June 19, 2000
Ken's Proofreading Class
|My experience with Japan begins some 45 years ago. I was
a young boy, about 6 years old, with two younger sisters. My
father was in the United States Air Force and he was stationed
at Nagoya Air Base, in Nagoya, Japan, from1953 through 1955.
During our first year in Japan, we lived in a Japanese house
in Nagoya, and during our second year, we lived on the base in
American-style housing. Nagoya Air Base provided American schools
from kindergarten through high school for the children of personnel
stationed in Nagoya.
Of course, I was very young and that was a long time ago. However, my father took many pictures while we were in Japan. After we returned to the US, whenever we had guests, my father would setup the slide projector and show these pictures and tell stories of our life in Japan. Over the years, seeing these pictures and hearing these stories, over and over, helped me to remember what it was like to be a very young American boy living in Japan.
From my father's slides and stories, I remember parades, statues of Buddha, the Nakamura Torii and the Castle Donjon. Our big American car was often too wide to easily drive on narrow streets. I remember going to the Noritake china factory, where my parents purchased sets of china.
I also remember a wonderful afternoon@at a neighbor's house, where we were entertained by puppets.And I remember a man we called Toshi, who worked as a baker and sometimes brought pastries to us.
While we were in Japan I gained a new brother, and my mother, with four very young children, wanted some help to take care for us. In those days, some ten years after WWII, an American military officer in Japan was quite wealthy, even though military pay wasn't all that generous by American standards. Thus, our family was able to afford to hire a young Japanese woman, Nobuko, to help with the children. I still remember her saying to me, 'Chotto matte kudasai' as she struggled to help me get dressed. And she taught us to count to ten, and to say "Doozo" and "Arigatoo." I was very fond of her. I often wonder where she might be today.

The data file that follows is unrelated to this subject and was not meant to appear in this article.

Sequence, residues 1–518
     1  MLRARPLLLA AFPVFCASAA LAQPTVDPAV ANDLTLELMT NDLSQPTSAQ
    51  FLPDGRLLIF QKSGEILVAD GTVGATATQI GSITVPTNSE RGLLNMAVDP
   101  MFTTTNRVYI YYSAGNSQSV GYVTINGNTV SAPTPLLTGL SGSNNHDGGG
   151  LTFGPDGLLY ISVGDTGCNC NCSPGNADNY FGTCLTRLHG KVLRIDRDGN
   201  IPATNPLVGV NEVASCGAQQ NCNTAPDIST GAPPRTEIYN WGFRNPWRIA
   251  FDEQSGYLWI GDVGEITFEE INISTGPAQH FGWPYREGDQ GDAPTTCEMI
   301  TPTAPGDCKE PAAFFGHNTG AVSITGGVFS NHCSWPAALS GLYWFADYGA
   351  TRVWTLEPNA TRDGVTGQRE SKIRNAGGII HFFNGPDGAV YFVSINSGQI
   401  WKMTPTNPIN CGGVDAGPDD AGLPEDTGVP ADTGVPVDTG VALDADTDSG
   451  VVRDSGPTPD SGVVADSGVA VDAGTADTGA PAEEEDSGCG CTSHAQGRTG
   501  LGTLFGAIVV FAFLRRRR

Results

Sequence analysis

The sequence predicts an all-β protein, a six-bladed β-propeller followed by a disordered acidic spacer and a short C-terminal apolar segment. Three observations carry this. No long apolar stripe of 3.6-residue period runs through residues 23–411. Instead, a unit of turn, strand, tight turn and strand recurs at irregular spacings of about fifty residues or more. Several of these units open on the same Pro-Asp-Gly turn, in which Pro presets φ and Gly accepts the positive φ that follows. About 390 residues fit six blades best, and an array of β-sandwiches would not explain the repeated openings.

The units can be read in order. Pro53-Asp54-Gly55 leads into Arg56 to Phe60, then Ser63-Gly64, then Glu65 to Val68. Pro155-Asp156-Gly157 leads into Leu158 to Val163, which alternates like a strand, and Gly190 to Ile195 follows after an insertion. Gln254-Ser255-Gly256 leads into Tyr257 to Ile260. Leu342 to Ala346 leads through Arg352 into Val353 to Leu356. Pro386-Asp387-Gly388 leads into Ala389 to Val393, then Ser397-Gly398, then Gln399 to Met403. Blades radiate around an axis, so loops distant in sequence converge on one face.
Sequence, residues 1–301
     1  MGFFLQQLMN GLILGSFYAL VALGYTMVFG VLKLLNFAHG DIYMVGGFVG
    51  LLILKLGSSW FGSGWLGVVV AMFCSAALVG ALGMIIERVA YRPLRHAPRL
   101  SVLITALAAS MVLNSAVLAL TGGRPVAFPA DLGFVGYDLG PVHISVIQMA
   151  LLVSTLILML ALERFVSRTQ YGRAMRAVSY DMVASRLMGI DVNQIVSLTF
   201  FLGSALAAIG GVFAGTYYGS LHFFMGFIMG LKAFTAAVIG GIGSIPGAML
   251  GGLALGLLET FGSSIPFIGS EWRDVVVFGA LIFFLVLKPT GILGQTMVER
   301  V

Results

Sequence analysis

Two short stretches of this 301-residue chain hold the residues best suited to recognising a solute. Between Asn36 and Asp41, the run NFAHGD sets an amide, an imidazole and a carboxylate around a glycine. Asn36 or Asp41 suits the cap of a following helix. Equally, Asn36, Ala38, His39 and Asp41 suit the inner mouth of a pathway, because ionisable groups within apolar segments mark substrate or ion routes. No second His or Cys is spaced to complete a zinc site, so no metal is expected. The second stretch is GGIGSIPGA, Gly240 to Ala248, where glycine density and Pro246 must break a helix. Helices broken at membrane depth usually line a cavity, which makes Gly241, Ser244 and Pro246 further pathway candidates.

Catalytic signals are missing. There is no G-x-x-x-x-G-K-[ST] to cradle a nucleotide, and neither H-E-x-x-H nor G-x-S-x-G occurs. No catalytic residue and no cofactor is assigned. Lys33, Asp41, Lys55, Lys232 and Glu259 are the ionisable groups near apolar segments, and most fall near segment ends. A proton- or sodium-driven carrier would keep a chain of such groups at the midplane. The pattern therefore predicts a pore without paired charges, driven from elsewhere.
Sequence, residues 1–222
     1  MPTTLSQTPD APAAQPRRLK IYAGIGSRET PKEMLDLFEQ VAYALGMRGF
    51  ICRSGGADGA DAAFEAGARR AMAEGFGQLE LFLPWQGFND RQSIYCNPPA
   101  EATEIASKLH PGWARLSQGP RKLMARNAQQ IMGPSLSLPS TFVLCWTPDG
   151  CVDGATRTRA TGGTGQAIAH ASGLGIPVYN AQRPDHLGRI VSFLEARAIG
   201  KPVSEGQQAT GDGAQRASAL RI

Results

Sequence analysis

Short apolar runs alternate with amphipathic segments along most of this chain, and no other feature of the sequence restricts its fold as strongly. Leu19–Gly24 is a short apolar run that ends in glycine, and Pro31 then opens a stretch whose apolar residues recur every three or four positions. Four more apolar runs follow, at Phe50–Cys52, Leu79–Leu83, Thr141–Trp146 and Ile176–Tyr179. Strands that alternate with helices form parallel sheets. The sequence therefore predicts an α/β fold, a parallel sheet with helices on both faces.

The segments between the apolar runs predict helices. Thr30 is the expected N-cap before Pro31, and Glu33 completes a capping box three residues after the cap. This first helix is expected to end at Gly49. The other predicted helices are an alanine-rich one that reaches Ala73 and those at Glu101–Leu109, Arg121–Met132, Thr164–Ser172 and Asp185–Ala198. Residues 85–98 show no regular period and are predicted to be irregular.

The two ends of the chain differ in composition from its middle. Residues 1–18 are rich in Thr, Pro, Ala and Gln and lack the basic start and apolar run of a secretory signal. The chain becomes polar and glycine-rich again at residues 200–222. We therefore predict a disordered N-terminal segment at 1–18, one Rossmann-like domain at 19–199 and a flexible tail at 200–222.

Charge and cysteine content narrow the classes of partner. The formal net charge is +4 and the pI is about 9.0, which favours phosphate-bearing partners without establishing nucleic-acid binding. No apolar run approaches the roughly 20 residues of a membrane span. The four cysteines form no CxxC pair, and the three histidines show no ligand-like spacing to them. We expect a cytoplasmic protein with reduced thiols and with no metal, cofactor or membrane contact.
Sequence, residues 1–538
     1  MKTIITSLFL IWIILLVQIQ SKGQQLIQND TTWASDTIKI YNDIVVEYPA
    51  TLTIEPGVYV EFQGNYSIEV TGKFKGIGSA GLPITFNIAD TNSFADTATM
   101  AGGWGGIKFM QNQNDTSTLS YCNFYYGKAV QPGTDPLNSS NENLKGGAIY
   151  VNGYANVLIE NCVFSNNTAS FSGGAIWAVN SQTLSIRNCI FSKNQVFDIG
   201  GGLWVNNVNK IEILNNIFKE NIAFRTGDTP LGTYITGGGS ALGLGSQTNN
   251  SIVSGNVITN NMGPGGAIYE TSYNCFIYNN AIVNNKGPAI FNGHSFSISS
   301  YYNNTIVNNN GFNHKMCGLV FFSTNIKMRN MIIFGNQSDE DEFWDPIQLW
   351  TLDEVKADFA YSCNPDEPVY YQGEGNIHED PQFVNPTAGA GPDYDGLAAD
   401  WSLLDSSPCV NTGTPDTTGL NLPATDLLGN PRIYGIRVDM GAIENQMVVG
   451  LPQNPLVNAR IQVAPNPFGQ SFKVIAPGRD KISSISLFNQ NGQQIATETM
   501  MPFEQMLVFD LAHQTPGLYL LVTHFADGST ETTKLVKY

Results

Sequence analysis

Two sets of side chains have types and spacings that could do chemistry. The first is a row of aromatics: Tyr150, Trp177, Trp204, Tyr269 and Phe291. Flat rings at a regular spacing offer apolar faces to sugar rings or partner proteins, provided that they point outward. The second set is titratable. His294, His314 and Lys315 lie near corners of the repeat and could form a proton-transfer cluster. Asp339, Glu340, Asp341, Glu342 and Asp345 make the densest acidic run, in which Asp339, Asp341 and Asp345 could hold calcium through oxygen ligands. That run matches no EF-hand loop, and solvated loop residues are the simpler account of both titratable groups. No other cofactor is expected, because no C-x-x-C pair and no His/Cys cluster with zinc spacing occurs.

As these are the memories of a child, they are rambling and simple, reflecting the way a child experiences life. While I wish I had been older when I was in Japan, I cherish these childhood memories just the same. Japan will always be a special place for me because of them.
|Over the last 45 years, Japan has changed immensely. It has
become a modern industrial nation. The phrase, "Made in
Japan", has increasingly come to be associated with quality.
Japanese cars and electronics are everywhere and they are considered
among the very best. One of my major interests is gardening,
and many of the tools, from pruning shears to chain saws to garden
tractors are also Japanese, and are also among the very best.
Japan also provides gardeners in the US with many horticultural plants. As the climate of Japan is similar to that of the eastern US, many ornamental plants from Japan have been imported into this country. As I enjoy my garden, I note that much of its beauty is from perennials, trees and shrubs that are native to Japan.
However, it seems that all this growth and development has come at some cost to "Old Japan". Recently I read an article about Japan in our local newspaper. The article said that every year, Japan pours twice as much concrete as we do in America. I found this to be a very surprising statistic. And several years ago I encountered a web site entitled, "International Society to Save Kyoto". It seems that some of the old historic areas of Kyoto are being demolished to make way for new development. Of course, I know that finding a balance between preserving the past and building for the future is not easy.
Someday I will go back to Japan. I hope that I will be able to find the Japan that I remember from my childhood. But I know that Japan has changed tremendously in the last 45 years. Even so, I look forward to seeing and experiencing all of Japan, both the old and the new.